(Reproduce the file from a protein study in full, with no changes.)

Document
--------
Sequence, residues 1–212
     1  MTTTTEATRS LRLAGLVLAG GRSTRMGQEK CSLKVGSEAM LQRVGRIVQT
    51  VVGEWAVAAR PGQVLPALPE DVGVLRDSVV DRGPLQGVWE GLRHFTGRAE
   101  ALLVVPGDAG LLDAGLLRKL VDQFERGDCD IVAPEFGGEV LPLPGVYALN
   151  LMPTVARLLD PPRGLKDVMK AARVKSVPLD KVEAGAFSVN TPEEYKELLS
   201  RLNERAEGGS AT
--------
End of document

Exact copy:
Sequence, residues 1–212
     1  MTTTTEATRS LRLAGLVLAG GRSTRMGQEK CSLKVGSEAM LQRVGRIVQT
    51  VVGEWAVAAR PGQVLPALPE DVGVLRDSVV DRGPLQGVWE GLRHFTGRAE
   101  ALLVVPGDAG LLDAGLLRKL VDQFERGDCD IVAPEFGGEV LPLPGVYALN
   151  LMPTVARLLD PPRGLKDVMK AARVKSVPLD KVEAGAFSVN TPEEYKELLS
   201  RLNERAEGGS AT